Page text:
The opposite of darkness is life

Coco Chanel had it right when she said “A woman who cuts her hair is about to change her life”. And I can only assume she was referring to me.

Somewhere along my journey of growing up, I became this closed off person. My friends would joke about my heart being ice cold, and they all knew that I wasn’t the person to go to for heart-opening, tear-jerking conversations. I was never one to talk about my feelings, and I’d be the last person you would want to run to for a comforting hug on a bad day. This is making me sound like a really crappy person, and a horrible friend but what I’m trying to prove is this isn’t quite accurate anymore. I’ve changed. Sure, I’m still probably not going to give you a very satisfying hug, but I will tell you about my feelings, and I may shed a tear. Just one though. Don’t get crazy.

I think this change happened when I started finding happiness. This happiness came from finding smiles. Every waking hour I search for things that will make me smile. It can be a delicious cup of coffee, a squirrel running across the yard, or even my friends. I needed to stop letting the bad keep me under water, and let the good pull me up for air. That being said, life is a lot like water, theres currents and an ebb and flow, and there are going to be days when you struggle to stay afloat. I’ve recently gone through a bit of a backslide, I let the water push me the wrong way. Instead of being upset over it I’m trying to embrace it and turn it around to a good change. Hey, I didn’t capsize!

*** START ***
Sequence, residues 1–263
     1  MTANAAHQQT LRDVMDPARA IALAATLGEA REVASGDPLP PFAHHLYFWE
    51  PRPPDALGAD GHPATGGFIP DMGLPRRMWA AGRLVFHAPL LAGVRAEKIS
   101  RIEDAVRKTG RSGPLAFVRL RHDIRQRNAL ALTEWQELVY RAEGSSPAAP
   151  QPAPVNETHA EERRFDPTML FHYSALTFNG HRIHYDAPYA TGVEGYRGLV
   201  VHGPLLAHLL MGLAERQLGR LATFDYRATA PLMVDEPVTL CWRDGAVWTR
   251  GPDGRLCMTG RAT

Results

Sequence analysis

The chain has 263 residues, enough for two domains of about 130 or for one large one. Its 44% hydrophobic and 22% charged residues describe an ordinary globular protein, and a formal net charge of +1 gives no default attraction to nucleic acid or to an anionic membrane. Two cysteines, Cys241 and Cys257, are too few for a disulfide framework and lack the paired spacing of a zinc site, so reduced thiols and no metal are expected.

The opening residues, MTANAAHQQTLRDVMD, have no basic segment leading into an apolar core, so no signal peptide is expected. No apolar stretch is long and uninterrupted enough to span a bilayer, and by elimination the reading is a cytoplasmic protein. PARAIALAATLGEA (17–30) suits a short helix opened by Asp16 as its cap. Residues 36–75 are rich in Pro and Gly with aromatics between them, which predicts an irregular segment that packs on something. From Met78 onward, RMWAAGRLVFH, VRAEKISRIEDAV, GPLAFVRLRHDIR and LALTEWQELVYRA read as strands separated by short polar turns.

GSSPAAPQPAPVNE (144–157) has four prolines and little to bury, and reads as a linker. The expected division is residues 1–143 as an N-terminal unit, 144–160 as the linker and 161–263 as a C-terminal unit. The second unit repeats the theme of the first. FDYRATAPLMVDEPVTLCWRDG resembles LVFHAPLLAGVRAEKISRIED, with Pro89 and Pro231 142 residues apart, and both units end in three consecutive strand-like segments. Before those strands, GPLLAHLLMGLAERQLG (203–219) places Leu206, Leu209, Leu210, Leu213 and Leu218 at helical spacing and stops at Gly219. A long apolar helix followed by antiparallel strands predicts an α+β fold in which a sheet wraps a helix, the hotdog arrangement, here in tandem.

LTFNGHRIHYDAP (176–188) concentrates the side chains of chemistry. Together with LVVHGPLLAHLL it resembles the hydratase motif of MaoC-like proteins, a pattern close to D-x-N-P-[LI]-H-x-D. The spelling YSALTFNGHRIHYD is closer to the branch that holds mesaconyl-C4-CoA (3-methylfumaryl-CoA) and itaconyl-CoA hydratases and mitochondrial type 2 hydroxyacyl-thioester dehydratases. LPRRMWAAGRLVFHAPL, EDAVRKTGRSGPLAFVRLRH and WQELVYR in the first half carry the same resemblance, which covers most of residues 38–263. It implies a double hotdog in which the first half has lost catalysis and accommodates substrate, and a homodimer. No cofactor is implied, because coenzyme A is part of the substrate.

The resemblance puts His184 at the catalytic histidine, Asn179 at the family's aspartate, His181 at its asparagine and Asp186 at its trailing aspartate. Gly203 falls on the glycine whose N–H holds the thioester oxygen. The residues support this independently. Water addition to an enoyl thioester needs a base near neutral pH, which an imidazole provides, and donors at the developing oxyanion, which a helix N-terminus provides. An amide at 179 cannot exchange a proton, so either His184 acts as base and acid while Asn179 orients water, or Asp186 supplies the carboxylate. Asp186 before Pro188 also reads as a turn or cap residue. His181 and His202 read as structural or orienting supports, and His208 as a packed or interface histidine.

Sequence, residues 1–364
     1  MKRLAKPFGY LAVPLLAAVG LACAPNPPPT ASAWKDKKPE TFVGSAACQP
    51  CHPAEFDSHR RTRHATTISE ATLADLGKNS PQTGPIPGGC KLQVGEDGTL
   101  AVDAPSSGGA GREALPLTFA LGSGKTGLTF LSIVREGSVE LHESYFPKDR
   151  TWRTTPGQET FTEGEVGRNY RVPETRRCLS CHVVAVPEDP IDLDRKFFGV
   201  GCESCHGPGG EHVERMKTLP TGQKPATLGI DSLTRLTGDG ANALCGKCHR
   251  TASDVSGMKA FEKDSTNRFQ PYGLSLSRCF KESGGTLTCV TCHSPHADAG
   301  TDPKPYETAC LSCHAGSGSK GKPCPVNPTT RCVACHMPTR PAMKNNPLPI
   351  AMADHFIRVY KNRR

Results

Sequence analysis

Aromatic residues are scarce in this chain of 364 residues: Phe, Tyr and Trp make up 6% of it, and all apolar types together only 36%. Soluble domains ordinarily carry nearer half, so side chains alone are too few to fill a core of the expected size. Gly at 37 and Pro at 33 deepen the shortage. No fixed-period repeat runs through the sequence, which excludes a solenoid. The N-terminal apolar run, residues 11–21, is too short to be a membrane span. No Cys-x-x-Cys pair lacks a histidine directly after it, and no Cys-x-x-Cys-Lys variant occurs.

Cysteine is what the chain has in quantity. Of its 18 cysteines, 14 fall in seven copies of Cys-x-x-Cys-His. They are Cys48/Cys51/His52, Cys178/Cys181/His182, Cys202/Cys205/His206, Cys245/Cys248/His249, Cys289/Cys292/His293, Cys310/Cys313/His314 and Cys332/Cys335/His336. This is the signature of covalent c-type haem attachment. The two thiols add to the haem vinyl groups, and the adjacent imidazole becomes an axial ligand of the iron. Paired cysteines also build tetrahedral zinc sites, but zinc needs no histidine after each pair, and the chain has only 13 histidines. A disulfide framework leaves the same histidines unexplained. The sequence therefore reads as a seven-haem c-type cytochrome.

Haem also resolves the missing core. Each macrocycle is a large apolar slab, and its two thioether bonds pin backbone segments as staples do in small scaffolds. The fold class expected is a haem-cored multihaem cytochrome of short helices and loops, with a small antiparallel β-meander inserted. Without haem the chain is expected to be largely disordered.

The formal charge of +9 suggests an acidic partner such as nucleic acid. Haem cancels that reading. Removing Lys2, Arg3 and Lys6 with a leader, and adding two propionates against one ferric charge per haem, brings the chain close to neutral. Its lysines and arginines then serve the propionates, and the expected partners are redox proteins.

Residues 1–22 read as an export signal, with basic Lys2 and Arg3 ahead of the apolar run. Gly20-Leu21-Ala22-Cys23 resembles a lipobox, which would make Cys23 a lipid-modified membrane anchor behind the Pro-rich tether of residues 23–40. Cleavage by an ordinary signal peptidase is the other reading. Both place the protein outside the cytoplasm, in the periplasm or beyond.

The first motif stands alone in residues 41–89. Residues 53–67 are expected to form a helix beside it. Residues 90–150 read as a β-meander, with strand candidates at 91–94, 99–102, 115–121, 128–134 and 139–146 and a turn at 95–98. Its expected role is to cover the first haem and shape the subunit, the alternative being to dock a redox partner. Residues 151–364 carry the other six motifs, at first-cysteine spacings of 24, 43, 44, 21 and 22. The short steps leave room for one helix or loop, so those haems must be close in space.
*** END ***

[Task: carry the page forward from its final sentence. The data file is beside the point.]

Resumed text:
Im taking the words of my dear friend Coco quite literally. I’ve cut and dyed my hair, and I’m going to make a change. I might not know exactly what that change will be yet, but I’m determined to do something, to change something. I’m starting with mental illness and the stigma surrounding it. Thats a big reason behind this blog, and its the reason I’m going to be brave and let the world know who I actually am. 

I’ve been in dark places more than I’d like to admit, and I think I’ve been in dark places without even fully realizing I was. It’s cold in the shade and maybe thats why I was. But coming out of the darkness and into life has opened my eyes and the light has poured into my soul. Each day I step further from those dark places and I can feel myself changing for the better. I might not be proud of who I was, but I’m already proud of who I’m becoming.

“I saw my reflection in the snow-covered hills, till the backslide brought me down”

Am I even getting better? Will I ever not be depressed?

Everyone who has clinical depression, has accepted the fact that they may never be “cured”. Depression isn’t something where one day you’ll wake up and magically feel better. You’re probably never going to wake up and jump out of bed dancing like you see on those ridiculous Tampax commercials. That begin said getting out of bed will eventually get easier, however there will be days when it seems just as impossible as going back in time. This is called a backslide. No, not backside. Backslide. Both are pretty shitty though..

You’ll be feeling great, you’re energetic, positive and dare I say it, happy! Then all of a sudden, like a truck hitting a wall, your mood plummets. You can be sitting there and physically feel yourself slowing down and there isn’t anything you can do to stop it. Backslides can last anywhere from hours to years. Well shit. That blows. But don’t worry they can actually be good for you, you just have to find a better way to view them. Don’t think of backsliding as a failure, think of it as your mind’s way of keeping you modest, and reminding you to keep working towards happiness.